Some couples disagree about what a bed is for. For one partner the bed is only for sleeping at night and sex. From wake-up time in the morning to going-to-bed-time at night it should be carefully made and look visually appealing. For the other partner in couples that disagree about what a bed is for the bed is not just a place for sleeping at night and sex. It might also be a place for watching TV, eating, playing with the kids, reading, talking on the phone, sitting on while changing clothes, sorting laundry, doing e-mail, napping, and clipping one's toenails. This disagreement can be deep and quite challenging.
Often partner disagreement about what a bed is for is rooted in the different family-of-origin experiences of the two partners. One may have grown up in a middle class suburban household in which appearances were important and where there was enough space in the house so that a bed did not have to be used for more than sleeping at night and sex. The other may have grown up in a crowded urban apartment where beds had to have many uses and where sweet family togetherness was often achieved by using the bed for play, for all in the family to snuggle while watching television, or even for people to be doing separate things (for example, kids doing homework while adults chatted). Growing up with definite standards and definite ways of using beds can make it seem wrong to live with something different. To change means giving up on family ideals and somehow discounting what was and maybe still is important in the family-of-origin.
To What Social Class Do We Belong?
How one's house, including the adult bed, looks is in a sense a measure of social class. A couple makes claims about their social class by how their bed and everything else in the house looks. They establish their social class identity to themselves by how their bed looks and is used. From that perspective, the stakes can be high if one partner wants the bed to look like photographs in interior design magazines and other wants the bed to be a family meeting and play place, a place for watching television, and a work place. Then how the bed looks and what it is used for are about what social circles you belong in, who your peers will be, what neighborhood you belong in, where your kids should go to school, and how much money you should earn.
For couples with children, disagreement over what a bed is for can also be disagreement about parenting. Should children be allowed to play in the parent bed? And what should children be taught about their own beds? In some ways, having children makes the stakes higher for couples that disagree about what their bed is for. If one parent's ways are taught to the children, the other parent gives up on standards and ways of being that are important and meaningful now and were important and meaningful growing up.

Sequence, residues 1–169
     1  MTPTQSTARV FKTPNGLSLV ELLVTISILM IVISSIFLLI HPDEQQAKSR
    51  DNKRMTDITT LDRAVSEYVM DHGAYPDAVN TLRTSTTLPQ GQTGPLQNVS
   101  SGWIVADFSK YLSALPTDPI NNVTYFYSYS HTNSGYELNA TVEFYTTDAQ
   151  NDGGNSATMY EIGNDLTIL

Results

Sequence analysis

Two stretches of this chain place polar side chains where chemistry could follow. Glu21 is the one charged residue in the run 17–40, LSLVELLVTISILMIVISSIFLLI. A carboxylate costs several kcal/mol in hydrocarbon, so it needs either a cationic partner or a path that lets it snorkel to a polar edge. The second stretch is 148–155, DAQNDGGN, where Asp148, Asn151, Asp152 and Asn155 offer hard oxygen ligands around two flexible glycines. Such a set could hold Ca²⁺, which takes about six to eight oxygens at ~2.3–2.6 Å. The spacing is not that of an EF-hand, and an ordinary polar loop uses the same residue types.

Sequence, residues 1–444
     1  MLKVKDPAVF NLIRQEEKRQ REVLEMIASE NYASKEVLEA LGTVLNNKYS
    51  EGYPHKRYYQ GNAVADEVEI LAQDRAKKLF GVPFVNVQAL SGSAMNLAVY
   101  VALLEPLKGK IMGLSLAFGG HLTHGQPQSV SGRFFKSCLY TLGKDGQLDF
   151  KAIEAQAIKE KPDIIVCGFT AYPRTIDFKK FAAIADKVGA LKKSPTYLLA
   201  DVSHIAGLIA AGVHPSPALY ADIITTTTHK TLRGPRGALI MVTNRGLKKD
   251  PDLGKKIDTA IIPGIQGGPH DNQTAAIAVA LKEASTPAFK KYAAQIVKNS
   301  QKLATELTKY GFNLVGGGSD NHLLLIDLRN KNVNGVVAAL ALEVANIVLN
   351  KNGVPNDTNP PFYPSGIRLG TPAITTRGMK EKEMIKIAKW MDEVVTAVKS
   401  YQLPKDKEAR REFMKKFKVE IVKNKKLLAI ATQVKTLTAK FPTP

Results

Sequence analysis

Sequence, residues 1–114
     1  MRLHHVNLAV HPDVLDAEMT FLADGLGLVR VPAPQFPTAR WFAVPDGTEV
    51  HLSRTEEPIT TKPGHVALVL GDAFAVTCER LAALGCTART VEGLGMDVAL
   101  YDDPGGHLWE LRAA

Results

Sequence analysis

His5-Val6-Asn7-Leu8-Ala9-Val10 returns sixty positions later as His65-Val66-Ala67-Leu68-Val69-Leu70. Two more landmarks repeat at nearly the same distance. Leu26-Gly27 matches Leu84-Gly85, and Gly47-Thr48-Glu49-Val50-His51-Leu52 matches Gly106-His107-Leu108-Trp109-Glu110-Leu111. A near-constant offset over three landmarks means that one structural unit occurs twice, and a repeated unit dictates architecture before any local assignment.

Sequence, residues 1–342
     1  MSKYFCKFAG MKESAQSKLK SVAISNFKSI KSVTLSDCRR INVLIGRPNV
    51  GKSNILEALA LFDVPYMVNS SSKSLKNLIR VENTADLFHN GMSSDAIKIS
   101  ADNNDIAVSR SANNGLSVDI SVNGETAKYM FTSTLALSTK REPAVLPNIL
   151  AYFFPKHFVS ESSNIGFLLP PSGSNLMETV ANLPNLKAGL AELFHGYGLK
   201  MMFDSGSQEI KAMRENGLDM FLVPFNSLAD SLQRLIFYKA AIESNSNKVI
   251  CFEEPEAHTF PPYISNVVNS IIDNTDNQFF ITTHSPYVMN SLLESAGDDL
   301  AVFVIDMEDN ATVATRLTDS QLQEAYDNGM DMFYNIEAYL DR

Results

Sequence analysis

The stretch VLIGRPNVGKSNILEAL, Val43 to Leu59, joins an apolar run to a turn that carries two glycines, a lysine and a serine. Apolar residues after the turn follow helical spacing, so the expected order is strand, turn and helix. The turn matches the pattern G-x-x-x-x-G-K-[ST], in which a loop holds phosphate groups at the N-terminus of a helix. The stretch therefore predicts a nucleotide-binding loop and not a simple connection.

The Sleep Hygiene Perspective
Many experts on sleep recommend proper "sleep hygiene." They argue that one can most easily get to sleep and get a good night's sleep if there is a predictable pattern to the use of the bed such that one goes to bed in the same way at the same time every night, and that the bed is not a place for other activities that could distract one from going to sleep. From that perspective, reading, watching television, and doing things other than sleeping while in bed make it harder to fall asleep at night and get a good night's sleep. So the sleep hygiene people might be understood as taking sides with the partner who wants the bed to be used only for sleeping at night and sex. But that short changes the psychological resources people may have for getting themselves to sleep and staying asleep. For example, having grown up in a small apartment with a large family one may be expert at falling asleep and staying asleep while lights are on, the television is blaring, and people are in the bed and talking.
Resolving Disagreement About What a Bed Is for
One possibility, if a couple has the economic resources and a big enough place, is to have more than one bedroom. One bedroom can be magazine-perfect and the other, which might be called the "guest room," could have a bed that can be used for napping, kids playing, watching TV, sorting laundry, and so on. Another possibility is that the partner who makes the bed (which in the heterosexual couples I interviewed was usually the woman) could have her magazine-perfect bed in exchange for the other partner getting something he or she wants, for example, being able to read in bed for a while before going to sleep. Still another possibility is to have temporary compromises or truces. For example, both partners could agree that when members of the family-of-origin of one of them visit the bed will be used in a way that fits with the visiting family members' standards. Whatever way couples choose to deal with the disagreement, it seems that in some ways they must embrace and accept the disagreement in the sense that both partners realize that the difference in values and standards is not going to go away any more than differences in background, personality, culture, and needs can go away.